You can efficiently keep cybercriminals out of your systems with the right measures. Here are three tips for preventing the Domain Name System (DNS) from making life as difficult as possible for attackers.
Make new threats look old
Start your protection at the DNS level and ensure that your threat intelligence is fast, reliable and always up-to-date. Many successful attacks rely on novelty and the DNS layer, which is often insufficiently protected. Be it a “zero-day” exploit of a system that is not yet known and therefore not yet fixed or a new domain that communicates with malware that has been smuggled in. The more unknown the attack vectors are, the more likely the security systems will not react.
So when choosing a security solution, make sure that risk indicators are updated as often as possible. The use of artificial intelligence in security solutions offers further protection. This reliably recognizes so-called domain-generating algorithms that try to circumvent static blocklists with newly generated domain names.
Full network insight
Get an overview of your network. This is the only way to know with whom devices are communicating and whether data is being exfiltrated or there is contact with dangerous domains. Based on this overview, you can then optimally orchestrate your security measures.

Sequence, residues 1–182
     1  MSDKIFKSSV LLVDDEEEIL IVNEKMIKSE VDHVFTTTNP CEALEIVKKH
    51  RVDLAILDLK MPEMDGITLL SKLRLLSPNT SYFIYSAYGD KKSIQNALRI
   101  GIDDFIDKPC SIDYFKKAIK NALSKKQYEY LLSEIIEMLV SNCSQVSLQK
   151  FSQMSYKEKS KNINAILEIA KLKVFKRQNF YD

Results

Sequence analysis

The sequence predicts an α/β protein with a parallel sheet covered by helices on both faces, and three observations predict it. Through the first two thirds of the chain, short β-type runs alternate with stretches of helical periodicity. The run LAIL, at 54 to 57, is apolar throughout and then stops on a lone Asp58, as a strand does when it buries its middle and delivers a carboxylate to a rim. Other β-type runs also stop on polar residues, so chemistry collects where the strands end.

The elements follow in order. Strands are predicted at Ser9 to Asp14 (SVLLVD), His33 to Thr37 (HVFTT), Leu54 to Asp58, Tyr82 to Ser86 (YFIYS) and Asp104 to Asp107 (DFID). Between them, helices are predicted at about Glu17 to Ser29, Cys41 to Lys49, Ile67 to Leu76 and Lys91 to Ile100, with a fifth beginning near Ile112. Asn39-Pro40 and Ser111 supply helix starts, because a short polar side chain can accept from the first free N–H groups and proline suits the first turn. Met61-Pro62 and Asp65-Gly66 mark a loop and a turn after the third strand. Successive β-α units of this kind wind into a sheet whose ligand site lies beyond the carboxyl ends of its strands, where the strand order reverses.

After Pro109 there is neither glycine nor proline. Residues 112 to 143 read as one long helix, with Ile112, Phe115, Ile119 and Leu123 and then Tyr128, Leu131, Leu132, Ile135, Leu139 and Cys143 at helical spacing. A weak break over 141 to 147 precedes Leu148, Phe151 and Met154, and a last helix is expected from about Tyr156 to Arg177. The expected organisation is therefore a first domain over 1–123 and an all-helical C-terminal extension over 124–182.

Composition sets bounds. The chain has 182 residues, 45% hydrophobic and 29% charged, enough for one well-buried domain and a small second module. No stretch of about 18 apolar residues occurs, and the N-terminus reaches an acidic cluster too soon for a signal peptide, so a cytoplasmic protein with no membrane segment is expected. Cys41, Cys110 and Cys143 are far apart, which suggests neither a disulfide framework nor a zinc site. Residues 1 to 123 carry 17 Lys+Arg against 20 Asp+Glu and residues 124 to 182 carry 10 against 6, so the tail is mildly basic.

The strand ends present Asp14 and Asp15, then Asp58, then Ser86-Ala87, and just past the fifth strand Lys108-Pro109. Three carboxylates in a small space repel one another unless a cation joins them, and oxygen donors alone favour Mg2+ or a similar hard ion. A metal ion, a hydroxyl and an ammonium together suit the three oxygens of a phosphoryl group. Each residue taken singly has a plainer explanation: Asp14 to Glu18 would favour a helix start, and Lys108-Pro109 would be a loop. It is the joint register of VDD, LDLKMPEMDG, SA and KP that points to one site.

The DNS level offers you insights into various devices and communication requests from a single source. With a complete DDI solution (DNS, DHCP and IPAM), you can quickly identify dangerous devices in the network, contain threats and maintain security even in a growing network.
Think like a hacker
Be on a par with attackers: Thinking like an attacker will help you anticipate the next steps. This allows you to proactively counter the threats and gain an important advantage for the defence. One of the central frameworks for this is MITER ATT&CK, which divides attacks into different tactics achieved with specific techniques. This is how attacks are broken down in detail.
It is, therefore, best to opt for a security solution that works hand in hand with such a framework. In this way, you can efficiently put the theory of the framework into practice and, in a security audit, quickly uncover the areas in which improvements need to be made.